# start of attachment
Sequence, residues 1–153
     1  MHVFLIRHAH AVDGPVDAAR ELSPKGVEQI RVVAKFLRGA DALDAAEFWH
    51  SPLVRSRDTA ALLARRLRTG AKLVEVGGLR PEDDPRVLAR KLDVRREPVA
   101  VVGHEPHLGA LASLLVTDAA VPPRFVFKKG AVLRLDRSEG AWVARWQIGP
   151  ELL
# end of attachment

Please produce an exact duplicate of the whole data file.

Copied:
Sequence, residues 1–153
     1  MHVFLIRHAH AVDGPVDAAR ELSPKGVEQI RVVAKFLRGA DALDAAEFWH
    51  SPLVRSRDTA ALLARRLRTG AKLVEVGGLR PEDDPRVLAR KLDVRREPVA
   101  VVGHEPHLGA LASLLVTDAA VPPRFVFKKG AVLRLDRSEG AWVARWQIGP
   151  ELL